When it comes to aging, women speak freely about menopausal mood swings, thinning hair, hot flashes, exhaustion, weight gain, etc. But women aren't the only ones who have to deal with hormonal changes as they age. Many men suffer from andropause -- frequently referred to as male menopause -- which occurs when their hormone production drops. Huff/Post50 spoke to Dr. David Borenstein, an integrative medicine doctor, about the reasons why there is less transparency about andropause.
1. The symptoms are easy to dismiss as something else.
Men suffering from andropause frequently experience erectile dysfunction, have a low sex drive, are fatigued a lot and may suffer depression. When they ejaculate, there may be a low volume of semen. Andropausal men may have outbursts of anger and sometimes appear to have poor spatial orientation or diminished intellectual capacity. Every one of those things could be a symptom of something else, says Borenstein. A simple blood test can determine testosterone levels, although it's not a slam dunk either. "Unlike blood level tests of glucose or cholesterol -- where there is a definite cut-off point between normal and abnormal -- the level of testosterone is wider and partially based on the patient's symptoms," Borenstein says. Still, the doctor's office is a place to start.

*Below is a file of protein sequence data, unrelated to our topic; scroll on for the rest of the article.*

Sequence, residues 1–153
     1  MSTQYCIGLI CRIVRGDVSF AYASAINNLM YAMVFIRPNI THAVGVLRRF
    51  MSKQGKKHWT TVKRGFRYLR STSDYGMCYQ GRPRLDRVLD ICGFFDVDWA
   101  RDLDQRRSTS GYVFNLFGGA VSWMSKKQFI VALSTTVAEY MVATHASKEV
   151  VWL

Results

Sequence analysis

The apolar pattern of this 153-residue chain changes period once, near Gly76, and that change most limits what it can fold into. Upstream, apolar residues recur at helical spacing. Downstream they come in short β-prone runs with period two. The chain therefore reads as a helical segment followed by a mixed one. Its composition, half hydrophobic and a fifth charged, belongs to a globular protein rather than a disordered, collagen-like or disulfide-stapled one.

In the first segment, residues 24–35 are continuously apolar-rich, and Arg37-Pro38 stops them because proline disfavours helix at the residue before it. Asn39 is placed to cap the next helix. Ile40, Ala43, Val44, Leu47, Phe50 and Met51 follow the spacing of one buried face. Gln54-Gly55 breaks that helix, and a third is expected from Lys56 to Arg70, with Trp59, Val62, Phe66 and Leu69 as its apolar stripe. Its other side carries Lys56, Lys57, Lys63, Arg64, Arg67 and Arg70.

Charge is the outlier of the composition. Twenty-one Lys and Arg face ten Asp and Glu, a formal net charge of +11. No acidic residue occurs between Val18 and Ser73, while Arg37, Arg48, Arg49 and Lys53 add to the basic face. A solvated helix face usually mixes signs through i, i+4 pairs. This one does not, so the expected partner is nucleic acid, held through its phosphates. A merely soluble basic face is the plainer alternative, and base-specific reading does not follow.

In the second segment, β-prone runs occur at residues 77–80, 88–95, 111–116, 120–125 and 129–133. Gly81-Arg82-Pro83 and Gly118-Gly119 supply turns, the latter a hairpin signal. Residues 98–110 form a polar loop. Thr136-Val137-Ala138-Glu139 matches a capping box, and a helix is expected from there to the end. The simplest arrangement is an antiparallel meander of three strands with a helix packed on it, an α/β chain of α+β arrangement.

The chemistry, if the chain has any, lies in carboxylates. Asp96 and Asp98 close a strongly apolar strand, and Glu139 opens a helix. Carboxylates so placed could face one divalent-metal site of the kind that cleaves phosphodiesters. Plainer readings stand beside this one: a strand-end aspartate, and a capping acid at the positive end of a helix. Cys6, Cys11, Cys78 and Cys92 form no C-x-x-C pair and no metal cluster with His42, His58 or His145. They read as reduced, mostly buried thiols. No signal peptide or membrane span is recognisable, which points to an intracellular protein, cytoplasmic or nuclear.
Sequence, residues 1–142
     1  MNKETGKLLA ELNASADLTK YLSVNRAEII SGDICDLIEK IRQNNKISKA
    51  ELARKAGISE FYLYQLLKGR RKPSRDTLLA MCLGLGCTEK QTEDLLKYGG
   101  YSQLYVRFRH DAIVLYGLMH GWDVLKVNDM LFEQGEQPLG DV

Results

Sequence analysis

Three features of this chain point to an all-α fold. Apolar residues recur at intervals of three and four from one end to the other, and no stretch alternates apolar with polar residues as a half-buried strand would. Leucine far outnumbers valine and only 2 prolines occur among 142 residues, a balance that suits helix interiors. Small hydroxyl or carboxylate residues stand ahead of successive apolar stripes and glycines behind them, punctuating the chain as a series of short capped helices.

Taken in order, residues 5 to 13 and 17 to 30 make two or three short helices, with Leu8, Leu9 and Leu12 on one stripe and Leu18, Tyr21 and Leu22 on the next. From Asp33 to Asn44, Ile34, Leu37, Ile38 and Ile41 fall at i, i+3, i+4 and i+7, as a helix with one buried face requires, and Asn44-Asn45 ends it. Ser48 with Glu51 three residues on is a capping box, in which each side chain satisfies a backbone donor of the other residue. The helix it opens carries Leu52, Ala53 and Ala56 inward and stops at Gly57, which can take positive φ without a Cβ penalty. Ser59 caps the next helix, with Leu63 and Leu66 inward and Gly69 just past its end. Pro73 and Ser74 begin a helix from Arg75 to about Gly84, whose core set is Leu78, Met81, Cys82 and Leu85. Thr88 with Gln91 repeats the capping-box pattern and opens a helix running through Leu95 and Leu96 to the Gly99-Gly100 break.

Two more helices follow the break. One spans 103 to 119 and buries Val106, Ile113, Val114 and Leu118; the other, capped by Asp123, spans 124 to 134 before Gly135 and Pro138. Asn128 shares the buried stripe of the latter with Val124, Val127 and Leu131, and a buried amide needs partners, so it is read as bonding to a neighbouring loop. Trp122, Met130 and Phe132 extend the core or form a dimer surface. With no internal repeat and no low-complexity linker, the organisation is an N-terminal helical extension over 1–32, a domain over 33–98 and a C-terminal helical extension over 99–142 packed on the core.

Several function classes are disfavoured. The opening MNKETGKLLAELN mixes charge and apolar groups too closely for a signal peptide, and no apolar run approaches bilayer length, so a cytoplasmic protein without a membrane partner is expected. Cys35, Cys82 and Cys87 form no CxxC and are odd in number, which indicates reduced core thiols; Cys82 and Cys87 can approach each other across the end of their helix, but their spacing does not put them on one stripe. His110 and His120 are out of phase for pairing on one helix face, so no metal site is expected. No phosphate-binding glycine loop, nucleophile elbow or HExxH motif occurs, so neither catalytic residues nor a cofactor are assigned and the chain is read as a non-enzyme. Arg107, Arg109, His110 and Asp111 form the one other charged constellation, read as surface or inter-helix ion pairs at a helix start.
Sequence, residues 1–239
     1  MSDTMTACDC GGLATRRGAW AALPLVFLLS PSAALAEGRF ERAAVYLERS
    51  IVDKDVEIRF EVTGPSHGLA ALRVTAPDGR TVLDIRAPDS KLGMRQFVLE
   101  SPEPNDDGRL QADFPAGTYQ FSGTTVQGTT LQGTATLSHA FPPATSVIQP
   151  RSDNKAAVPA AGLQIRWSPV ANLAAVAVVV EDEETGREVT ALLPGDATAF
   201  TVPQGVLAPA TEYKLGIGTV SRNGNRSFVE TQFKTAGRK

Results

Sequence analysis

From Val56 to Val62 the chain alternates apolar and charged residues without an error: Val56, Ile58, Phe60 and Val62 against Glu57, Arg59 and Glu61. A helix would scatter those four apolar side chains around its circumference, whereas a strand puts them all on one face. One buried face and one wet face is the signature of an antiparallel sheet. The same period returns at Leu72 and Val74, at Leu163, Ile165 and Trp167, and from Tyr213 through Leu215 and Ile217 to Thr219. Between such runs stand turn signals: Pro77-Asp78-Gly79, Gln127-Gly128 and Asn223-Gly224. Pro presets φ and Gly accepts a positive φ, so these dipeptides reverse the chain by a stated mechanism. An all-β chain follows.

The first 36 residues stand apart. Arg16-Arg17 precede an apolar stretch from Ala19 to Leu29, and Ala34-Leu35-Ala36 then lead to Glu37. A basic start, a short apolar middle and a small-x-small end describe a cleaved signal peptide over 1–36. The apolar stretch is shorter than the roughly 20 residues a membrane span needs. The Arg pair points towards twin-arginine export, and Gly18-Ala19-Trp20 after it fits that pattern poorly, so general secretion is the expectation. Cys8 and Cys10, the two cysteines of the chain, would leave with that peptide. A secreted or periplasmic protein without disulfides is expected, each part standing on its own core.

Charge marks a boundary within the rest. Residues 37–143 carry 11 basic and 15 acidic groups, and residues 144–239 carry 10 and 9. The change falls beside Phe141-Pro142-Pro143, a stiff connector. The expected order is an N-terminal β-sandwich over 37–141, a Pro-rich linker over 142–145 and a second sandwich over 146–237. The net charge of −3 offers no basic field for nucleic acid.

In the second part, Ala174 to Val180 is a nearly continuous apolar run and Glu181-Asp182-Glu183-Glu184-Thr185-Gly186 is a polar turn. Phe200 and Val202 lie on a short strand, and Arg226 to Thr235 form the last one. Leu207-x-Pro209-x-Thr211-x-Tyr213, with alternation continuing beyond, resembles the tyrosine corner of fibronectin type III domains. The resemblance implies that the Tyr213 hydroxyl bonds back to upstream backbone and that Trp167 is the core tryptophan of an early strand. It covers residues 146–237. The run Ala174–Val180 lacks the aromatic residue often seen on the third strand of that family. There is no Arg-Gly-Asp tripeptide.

2. Men don't like to go to doctors.
Women go to doctors without hesitation. Men, not so much. It's akin to men being unwilling to ask for directions, says Borenstein. Many of his patients come in only because their partner pushes them to do so.
3. Testosterone replacement is seen as risky.
Testosterone replacement therapy has been linked to heart disease and prostate problems. Borenstein says many male patients are concerned about trading in one problem for another possibly larger one. But, he adds, in his opinion, "If testosterone replacement is done properly, it's safe." He adds, "You can't just give testosterone in a vacuum. There are byproducts that should be looked for and addressed."
Other experts emphasize that the benefits and risks of long-term testosterone therapy are unknown, because large clinical trials haven't yet been done.
4. Losing weight, exercising and dieting are hard.
A low-fat diet, losing weight and upping your exercise are all things known to help men with the symptoms of andropause. And yes, this is a hard pill for many to swallow. Borenstein advises patients to take zinc supplements, reduce stress, and limit or eliminate sugar from their diets. Eating healthy fats and cranking up their exercise also helps, he said. But first, see your doctor.
5. You can't fight the inevitable -- or can you?
Testosterone levels decline with age, beginning when a man is in his 30s. By age 80, they are only about 20 percent of what they were in youth. Researchers estimate that the condition affects anywhere from two to six million men in the United States. Yet it is an under-diagnosed problem, with only about 5 percent of those affected getting treatment. According to the Mayo Clinic's website, "testosterone therapy may sound like the ultimate anti-aging formula." But it adds, "The health benefits of testosterone therapy for age-related decline in testosterone aren't as clear as they may seem."
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